Greater Harrisburg's Community Magazine

Horror Lite: ”We’re All Going to the World’s Fair” will leave you more discomfited than scared

Jane Schoenbrun’s “We’re All Going To The World’s Fair” showcases the online community of horror fans—but that doesn’t mean it is a horror film by most definitions.

The film follows Casey (Anna Cobb), a teenage girl with a grunge aesthetic and a lonely perspective. In the opening scene, Casey immediately draws us into her headspace by spending eight solid minutes on a webcam, initiating herself into an online role-playing horror game called “The World’s Fair.” This extended static shot immediately clues us in to the ride we’re about to take—found-footage inspired cinematography and a drawn-out but powerful character study of a girl who desperately wants to be seen.

As Casey pricks her finger with a pin and recites the words, “I want to go to the World’s Fair,” over and over, her intentions—and her nerves—are perfectly clear. The game touts that the initiation will change you, slowly but in horrific ways—and Casey covers her excitement and uncertainty with a thick layer of cool, announcing her love of horror and claiming her readiness to see where the game leads.

And that is, in a nutshell, the premise of the story. Casey wants to be affected by the game, and so she is affected by the game. She watches clips of other role-players acting out the ways that they transformed (one girl claims she is slowly turning into plastic, and a young man describes how he believes there is a Tetris game being played in his body, and it has almost reached his neck), and begins to record herself in various scenarios, trying to document her transformation. Sometimes, she wakes up in the middle of the night and smiles creepily at the camera before falling back asleep; sometimes she dances happily to music before suddenly screaming in terror, etc.

Truthfully, the film would have hit all the right notes had it been promoted as a drama rather than a horror film. As far as creep factor goes, the progression of the story will leave most horror fans severely wanting and is much more fascinating as a case study of the theatrics we put into being someone, getting noticed, and having a purpose, to whatever extent we can get.

The film does an expert job of showing Casey’s feeling of social isolation and a drive to placate that loneliness through the internet. The tone of the film is heavily inspired by Creepypasta, an online horror storytelling platform, though the horror elements never progress past adolescent—the vibe is more akin to a teenager telling a ghost story while sneaking glances at their friends to gauge how scared they are—and maybe that’s the point, because that’s all that Casey, as an adolescent, is capable of. Because she wants to be a part of this community that is so seemingly affected, she does her best to draw out the creepiness in all of her online videos.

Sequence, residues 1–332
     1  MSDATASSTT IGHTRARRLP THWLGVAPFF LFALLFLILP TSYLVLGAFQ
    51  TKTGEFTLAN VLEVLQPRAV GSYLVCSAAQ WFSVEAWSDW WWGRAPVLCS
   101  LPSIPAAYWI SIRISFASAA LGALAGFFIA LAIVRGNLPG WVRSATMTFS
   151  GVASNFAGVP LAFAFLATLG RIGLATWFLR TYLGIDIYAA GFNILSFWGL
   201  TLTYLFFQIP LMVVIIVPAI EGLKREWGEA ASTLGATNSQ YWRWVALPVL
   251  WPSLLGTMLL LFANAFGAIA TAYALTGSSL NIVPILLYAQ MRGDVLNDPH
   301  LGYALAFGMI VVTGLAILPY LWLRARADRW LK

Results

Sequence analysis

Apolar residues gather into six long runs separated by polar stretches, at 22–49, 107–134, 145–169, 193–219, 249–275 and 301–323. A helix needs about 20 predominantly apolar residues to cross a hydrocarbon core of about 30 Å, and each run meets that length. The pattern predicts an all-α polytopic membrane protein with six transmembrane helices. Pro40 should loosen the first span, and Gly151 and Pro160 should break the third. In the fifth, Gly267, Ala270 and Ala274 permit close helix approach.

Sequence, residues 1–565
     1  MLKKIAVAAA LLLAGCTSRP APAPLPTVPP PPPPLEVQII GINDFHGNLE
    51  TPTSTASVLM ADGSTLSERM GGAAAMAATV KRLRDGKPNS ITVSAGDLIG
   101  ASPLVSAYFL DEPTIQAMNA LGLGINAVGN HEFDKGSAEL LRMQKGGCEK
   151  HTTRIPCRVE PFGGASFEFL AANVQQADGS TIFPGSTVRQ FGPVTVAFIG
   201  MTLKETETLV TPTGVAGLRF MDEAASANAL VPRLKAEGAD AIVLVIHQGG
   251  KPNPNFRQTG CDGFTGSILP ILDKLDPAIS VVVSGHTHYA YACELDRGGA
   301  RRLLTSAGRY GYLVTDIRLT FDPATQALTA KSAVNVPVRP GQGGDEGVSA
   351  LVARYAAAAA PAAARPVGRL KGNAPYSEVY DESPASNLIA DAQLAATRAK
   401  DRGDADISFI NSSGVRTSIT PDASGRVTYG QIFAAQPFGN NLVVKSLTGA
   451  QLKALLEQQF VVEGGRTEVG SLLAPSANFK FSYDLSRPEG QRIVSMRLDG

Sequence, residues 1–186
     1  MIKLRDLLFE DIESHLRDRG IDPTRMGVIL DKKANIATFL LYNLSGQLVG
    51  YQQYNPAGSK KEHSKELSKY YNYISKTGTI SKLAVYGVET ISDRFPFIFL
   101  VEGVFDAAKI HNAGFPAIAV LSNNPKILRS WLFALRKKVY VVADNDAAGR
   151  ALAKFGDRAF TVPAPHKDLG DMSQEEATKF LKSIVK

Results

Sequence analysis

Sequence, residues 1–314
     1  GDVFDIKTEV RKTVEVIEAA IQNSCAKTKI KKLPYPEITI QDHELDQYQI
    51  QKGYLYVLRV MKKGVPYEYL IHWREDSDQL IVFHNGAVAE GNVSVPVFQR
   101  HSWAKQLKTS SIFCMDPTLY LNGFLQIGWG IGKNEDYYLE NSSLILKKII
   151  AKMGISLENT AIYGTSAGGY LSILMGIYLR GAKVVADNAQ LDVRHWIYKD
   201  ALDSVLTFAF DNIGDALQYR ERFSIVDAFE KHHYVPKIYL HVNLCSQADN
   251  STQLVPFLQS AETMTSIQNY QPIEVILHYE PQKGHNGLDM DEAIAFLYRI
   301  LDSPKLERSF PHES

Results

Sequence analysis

The true horror of the film (and by horror, I really mean a stark discomfort in the direction the action goes) is found in the relationship she strikes up with a member of the horror community, who hides behind an identity of JLB (played by Michael J Rogers). JLB, a middle-aged man who appears to be very well off and very lonely, exhibits some blatant examples of grooming behavior that will put any audience on edge. While it teeters on the edge of inappropriate, there are never any moments where the vehicle takes the plunge into adrenal fulfillment (again, another reason not to strictly call it a horror film), but the discomfort is still there, and still deserves recognition.

Schoenbrun has created a captivating, if slightly misnomered film that, regardless of genre, will draw you in and make you care about its protagonist. “We’re All Going To The World’s Fair” will play at Midtown Cinema in April.

Midtown Cinema is located at 250 Reily St., Harrisburg. For more information, visit


April Events At Midtown Cinema

National Theatre Live presents
“No Man’s Land”
Sunday, April 3, 5 p.m.

“Who We Are: A Chronicle of Racism in America”
New documentary with discussion panel
Sunday, April 3, 6 p.m.


Down in Front presents
“On the Line” (2001)

Friday, April 8, 9:30 p.m.

National Theatre Live presents
“Book of Dust”
Sunday, April 10, 5 p.m.

3rd in the Burg Movie Night presents
“Clueless” (1995)
Friday, April 15, 9:30 p.m.

National Theatre Live presents
“A View from a Bridge”
Sunday, April 24, 5 p.m.

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